Everyone knows Ari Newman is destined for great things -- because she's the first person to tell them. Truth is, Ari just wants out of her own life. Between her stay-at-home dad (loves being the only white guy in the neighborhood) and black, university professor mother (saving the world, one hot-button issue at a time) it's a wonder she has any sanity left at all. Add in pseudo-friends who are shallower than a puddle of spilled latte and an academic schedule that would make Einstein cry, and you have a recipe for worst senior year ever. Ari knows that getting into Yale University, her dream school, will make it all worth it -- which is why she didn't apply anywhere else.
When a rejection letter arrives in the mail, it nearly destroys her. She did everything right: grades, leadership positions, rabid ambition. That's when Ari realizes the truth -- if she is right, then the system must be wrong.
After quitting the cheerleading squad and abandoning her extracurriculars, Ari falls in with a group of activists led by sexy college student Vasili Sokolov. When she discovers they have plans to send a message to "the establishment" -- by any means necessary -- Ari doesn't hesitate. As they stand above a pile of homemade dynamite, she knows it's too late to turn back.
Her old life will be gone forever, but she can't possibly anticipate what that means for her future.
Thank you for your time and consideration,
First 500 words:
“Do you even want to go to college?”
My guidance counselor, Ms. Goodman, and I stare at each other across the expanse of her desk. She looks down her nose at the folder in her hand with Ariadne Newman written on the tab.
“Planning on it.” I roll a pencil across the top of the desk. It’s the only bit of clutter on the entire surface. She has the folder, a computer and a picture frame that still holds the posed photo it came with. That’s all.
Ms. Goodman is a case study in Type A — and a few other psychiatric diagnoses that I haven’t quite pinned down yet.
I suppress the little shiver that always rolls up my spine when I hear that word. “That’s right.”
“I have been looking through your file, Ari.” Ms. Goodman frowns. The movement pulls at the skin around her mouth so her lipstick looks like it’s just outside the curve of her lips. She reminds me of a very stern tree frog. “I have some concerns.”
I sit up a little straighter at her tone. When I got the note to come see her, I thought it was for another one of the canned speeches that are a staple of senior year. The administration still believes that the few people they’re capable of helping can’t figure out this whole high school graduation thing on their own.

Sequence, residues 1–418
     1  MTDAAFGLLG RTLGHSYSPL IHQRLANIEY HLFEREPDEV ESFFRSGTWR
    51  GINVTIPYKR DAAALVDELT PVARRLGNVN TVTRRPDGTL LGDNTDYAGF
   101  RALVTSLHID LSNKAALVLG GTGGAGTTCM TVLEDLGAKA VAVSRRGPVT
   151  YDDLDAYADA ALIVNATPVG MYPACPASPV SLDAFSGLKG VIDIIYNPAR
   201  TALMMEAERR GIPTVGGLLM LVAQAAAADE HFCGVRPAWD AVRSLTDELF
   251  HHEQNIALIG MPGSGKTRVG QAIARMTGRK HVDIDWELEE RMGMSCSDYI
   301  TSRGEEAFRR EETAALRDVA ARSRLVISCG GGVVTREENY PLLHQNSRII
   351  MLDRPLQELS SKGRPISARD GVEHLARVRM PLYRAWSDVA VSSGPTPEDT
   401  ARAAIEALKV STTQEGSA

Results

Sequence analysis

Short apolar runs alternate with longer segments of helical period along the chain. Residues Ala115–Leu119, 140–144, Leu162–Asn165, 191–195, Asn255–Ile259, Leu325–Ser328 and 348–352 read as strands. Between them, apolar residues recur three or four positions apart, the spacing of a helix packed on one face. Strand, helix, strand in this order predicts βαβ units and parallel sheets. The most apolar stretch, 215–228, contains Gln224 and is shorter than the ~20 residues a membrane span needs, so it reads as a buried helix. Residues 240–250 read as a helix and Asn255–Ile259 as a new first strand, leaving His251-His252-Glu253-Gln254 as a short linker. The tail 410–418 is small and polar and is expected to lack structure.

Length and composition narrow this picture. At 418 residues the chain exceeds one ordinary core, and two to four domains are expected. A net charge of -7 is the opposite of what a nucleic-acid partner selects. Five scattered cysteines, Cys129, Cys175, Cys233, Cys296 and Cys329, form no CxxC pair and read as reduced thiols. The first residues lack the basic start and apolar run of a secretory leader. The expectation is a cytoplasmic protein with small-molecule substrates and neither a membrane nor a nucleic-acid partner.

“What do you mean?”
“I was under the impression that you were participating in our college application review.”
“I am.” Under extreme duress, I want to add.
“You only submitted one application.”
I immediately recognize the nature of the argument we’re about to have. It is not new. “That’s right.”
“Am I to understand that you are applying only to Yale University?” She asks the question slowly, as if a few more seconds might alter its meaning.
She clears her throat sharply and taps the placard hanging off the back of her computer monitor.
“I mean — Ms. Goodman. Please understand that I did not come to this decision lightly.” I’m prepared for this. I started memorizing this speech at the beginning of freshman year. “I asked my parents to go on our first campus visit when I was twelve. I’ve attended summer enrichment programs with Yale professors. I know almost everything there is to know about the university’s history. Yale is my dream.”
“Dreams aside —”
“I’m ranked in the top one percent of my class. I have numerous, diverse extracurricular activities. My test scores are above the 90th percentile. I’ve done at least five hours of community service every week for the last four years. I even have two letters of recommendation from current Yale faculty. I am a perfect fit.”
“I see a B+ here from your freshman year.”
Ms. Goodman drums her fingers on the desk. “Even perfection isn’t good enough. At least a thousand other students have that exact same story.”
“Nobody else wants it as much as I do.”